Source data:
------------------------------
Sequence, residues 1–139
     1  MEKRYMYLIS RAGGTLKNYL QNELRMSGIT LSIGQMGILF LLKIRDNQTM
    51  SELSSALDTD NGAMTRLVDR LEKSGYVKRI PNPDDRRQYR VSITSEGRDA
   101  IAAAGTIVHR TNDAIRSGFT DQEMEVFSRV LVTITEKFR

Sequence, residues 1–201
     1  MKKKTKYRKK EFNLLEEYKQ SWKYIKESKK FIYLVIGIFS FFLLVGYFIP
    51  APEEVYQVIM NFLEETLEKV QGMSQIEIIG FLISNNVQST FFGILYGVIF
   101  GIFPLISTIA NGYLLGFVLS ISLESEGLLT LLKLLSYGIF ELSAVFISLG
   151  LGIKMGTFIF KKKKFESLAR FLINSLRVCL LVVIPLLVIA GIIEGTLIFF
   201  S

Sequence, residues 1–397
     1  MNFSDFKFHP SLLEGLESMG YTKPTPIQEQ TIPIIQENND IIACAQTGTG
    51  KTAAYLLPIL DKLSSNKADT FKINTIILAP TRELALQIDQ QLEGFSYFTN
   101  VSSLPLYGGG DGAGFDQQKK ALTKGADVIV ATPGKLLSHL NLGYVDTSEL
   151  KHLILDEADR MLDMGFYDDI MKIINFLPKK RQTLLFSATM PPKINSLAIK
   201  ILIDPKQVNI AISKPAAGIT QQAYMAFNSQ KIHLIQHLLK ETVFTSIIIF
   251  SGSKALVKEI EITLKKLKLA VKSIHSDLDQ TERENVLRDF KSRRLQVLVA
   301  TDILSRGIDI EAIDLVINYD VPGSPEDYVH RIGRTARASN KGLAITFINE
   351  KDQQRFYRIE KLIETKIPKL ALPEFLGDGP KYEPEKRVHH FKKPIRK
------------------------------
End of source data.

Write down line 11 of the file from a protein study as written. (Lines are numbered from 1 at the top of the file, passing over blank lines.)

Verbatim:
Sequence, residues 1–397